Sprinkled over handmade pastas, elegant risottos, flavorful bruschetta and hearty omelettes
Truffles have long been a treasure find in dishes from Michelin rated restaurants around the world. Of course, many of the best hail from France where, along with fine wines and chocolate, they are one of the country’s most highly prized epicurean delicacies and aphrodisiacs. And no, these aren’t the chocolate kinds sold in Godiva.
Earthy and robust and from the mushroom family, truffles are sometimes referred to as “the diamonds of the kitchen.” Indeed, they are often sprinkled over dishes to elevate a good meal into something much more extraordinary and have been highly sought after since Greek and Roman times. They are grown underground and are among the most expensive foods, selling with certain varieties selling upwards of several hundreds of dollars per pound (or between one hundred and two hundred an ounce)!
Join AmaWaterways on a visit to one of France’s most distinguished truffle growing regions and visit a beautiful truffle farm to observe specially-trained dogs in action as they hunt for these treasures. Truffles are so elusive that neither man nor machine can locate them on their own, relying on canines’ keen sense of smell to find the fungus, which grows underground. A variety of dogs can sniff around and be truffle hunters, including Labrador Retrievers and Lagotto Romagnolos. However, they must first go through a special training process, teaching the dog to be alert for the particular aroma since the fungus is not something a dog would usually look for on its own. Farmers teach their dogs these new tricks in several different ways, often coating an item in truffle oil and having the dog fetch it in return for either a doggie treat, play toy or fun playtime.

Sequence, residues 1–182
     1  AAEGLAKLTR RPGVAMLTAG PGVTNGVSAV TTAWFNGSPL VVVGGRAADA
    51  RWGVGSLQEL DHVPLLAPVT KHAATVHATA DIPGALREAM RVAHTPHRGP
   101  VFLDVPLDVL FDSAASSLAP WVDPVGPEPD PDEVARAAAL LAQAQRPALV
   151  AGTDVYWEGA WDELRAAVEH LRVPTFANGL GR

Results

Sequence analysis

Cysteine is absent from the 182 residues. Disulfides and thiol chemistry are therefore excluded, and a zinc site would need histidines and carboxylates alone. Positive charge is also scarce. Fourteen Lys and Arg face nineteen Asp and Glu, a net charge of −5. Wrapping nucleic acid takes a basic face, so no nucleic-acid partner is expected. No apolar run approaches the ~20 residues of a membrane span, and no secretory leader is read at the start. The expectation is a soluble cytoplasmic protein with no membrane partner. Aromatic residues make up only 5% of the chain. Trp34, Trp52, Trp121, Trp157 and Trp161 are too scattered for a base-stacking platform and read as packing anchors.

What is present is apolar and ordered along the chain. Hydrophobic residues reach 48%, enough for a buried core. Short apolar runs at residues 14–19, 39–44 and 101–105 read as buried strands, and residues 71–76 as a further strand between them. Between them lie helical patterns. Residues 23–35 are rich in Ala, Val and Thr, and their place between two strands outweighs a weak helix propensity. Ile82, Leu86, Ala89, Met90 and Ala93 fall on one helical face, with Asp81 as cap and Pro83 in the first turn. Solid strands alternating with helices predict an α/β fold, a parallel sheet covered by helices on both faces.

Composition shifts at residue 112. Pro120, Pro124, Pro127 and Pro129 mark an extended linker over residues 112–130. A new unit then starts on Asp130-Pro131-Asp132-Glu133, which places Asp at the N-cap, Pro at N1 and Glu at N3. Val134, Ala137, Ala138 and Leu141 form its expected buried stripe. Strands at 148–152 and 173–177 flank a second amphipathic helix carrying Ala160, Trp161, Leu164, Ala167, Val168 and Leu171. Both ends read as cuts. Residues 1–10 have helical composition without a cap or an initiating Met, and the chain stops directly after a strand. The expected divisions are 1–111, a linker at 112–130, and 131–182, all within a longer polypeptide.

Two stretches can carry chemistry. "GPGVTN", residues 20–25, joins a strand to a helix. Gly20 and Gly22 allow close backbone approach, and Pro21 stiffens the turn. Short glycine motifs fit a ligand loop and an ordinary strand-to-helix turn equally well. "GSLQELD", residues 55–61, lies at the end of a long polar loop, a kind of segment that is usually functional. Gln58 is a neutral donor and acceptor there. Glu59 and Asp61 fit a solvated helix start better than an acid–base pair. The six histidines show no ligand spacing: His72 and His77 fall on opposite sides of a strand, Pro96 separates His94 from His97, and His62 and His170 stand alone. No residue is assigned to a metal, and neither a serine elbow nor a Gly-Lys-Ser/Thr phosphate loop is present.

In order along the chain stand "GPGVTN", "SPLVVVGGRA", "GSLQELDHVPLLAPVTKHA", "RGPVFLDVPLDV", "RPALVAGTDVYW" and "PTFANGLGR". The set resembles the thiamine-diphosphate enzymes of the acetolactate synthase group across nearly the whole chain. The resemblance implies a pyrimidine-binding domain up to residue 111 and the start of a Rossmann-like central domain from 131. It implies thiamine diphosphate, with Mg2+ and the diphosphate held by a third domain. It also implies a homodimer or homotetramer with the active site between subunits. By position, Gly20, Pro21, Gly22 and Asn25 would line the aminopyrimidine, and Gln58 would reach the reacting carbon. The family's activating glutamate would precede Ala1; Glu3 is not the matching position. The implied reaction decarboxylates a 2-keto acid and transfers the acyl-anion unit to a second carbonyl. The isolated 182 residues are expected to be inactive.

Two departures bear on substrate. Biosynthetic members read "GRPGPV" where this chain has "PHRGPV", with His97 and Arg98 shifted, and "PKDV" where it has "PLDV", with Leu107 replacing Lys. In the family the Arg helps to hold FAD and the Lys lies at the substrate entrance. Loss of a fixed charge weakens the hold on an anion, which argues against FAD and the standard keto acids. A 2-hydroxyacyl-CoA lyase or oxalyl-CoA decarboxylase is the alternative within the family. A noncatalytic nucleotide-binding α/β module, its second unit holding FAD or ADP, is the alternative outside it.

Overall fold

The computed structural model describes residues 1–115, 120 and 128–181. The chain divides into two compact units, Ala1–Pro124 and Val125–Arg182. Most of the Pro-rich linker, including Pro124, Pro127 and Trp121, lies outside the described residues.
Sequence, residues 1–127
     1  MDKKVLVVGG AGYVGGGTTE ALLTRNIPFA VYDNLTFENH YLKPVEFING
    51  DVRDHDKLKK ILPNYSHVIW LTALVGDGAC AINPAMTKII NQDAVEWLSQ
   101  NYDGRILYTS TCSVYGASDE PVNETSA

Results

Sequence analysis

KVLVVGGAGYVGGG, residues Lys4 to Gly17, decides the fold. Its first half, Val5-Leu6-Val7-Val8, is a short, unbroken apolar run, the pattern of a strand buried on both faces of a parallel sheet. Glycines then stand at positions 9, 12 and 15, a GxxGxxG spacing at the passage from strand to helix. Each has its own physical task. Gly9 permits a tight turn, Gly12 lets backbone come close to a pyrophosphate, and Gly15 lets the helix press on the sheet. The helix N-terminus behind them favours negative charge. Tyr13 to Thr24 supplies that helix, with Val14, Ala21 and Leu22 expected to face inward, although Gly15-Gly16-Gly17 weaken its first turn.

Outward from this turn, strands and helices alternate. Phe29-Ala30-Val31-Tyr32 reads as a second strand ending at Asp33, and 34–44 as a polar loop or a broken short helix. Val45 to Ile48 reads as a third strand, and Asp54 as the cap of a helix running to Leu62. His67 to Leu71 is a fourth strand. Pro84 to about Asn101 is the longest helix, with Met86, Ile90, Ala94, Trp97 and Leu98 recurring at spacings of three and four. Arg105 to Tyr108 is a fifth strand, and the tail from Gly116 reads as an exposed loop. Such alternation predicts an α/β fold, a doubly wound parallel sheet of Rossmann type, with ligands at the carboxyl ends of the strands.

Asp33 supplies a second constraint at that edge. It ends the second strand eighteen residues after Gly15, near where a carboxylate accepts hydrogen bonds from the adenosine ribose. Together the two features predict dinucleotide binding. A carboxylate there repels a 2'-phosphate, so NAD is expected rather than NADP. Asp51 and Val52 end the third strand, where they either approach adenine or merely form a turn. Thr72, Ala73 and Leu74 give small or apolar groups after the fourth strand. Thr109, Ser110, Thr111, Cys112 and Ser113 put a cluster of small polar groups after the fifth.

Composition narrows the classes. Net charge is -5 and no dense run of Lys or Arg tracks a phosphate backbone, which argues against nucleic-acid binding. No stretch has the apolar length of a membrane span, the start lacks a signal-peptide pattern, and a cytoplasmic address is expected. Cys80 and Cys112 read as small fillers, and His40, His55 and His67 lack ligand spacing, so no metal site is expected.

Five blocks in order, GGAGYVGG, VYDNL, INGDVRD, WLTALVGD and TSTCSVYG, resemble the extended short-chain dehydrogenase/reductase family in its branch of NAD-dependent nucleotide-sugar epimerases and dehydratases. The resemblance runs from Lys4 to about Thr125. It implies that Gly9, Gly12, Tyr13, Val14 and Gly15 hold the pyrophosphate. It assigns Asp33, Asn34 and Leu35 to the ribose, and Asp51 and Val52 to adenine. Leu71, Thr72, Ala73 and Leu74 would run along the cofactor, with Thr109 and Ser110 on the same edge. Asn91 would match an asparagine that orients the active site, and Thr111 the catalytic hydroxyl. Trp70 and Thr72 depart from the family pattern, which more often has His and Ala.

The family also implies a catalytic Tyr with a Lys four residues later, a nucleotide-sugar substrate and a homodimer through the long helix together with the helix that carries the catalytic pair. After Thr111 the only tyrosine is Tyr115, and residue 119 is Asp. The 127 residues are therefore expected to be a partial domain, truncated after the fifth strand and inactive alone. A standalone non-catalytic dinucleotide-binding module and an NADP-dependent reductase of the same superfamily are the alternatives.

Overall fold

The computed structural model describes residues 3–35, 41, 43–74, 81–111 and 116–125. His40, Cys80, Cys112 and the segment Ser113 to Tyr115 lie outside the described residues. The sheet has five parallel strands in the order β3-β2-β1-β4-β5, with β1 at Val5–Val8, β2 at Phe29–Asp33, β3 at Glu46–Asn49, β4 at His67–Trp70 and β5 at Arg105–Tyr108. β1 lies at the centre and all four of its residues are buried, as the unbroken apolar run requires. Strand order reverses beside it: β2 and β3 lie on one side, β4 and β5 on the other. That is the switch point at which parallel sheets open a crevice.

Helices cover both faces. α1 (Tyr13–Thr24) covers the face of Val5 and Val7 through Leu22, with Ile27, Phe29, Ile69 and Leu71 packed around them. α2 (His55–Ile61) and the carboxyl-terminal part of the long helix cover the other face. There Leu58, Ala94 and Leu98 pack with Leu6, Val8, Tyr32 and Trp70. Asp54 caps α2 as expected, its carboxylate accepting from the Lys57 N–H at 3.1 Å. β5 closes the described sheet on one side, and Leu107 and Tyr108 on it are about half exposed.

Truffles are predominately grown near oak trees (and sometimes fragrant fields of lavender) so a walk through a truffle farm is always a lovely, scenic route. Made more so by man’s best friend. In previous times, pigs were usually used to search for the tricky truffles but nowadays, the truffle hunter scours the farm with his truffle-hunting dogs in tow. When the dog smells the truffle’s aroma, he either marks it with his paw or begins digging it up himself. Either way, the hunter must hurry to scoop it up and then reward his (or her) buddy with a special doggie treat.
It’s a charming ritual that has been taking place for years and yet still continues in this day where technology seems to have overtaken nearly everything else—and so is quite a delight to see! While harvest season runs in the winter, roughly from November to March, one can enjoy truffles all year round in the form of popular kitchen staples, such as truffle-flavored olive oil and truffle salt. Be inspired by your visit to add fresh truffles or truffle-flavored products into your own cooking at home for a special, decadent twist!
After the tour, the group will head to the charming town of Grignan to visit a Renaissance Chateau perched on a hill surrounded by lavender fields. Along with the truffles unearthed in this region, this Provencal town is known for its picturesque red-tiled roofs, tree-lined, winding streets, open-air cafes and colorful markets.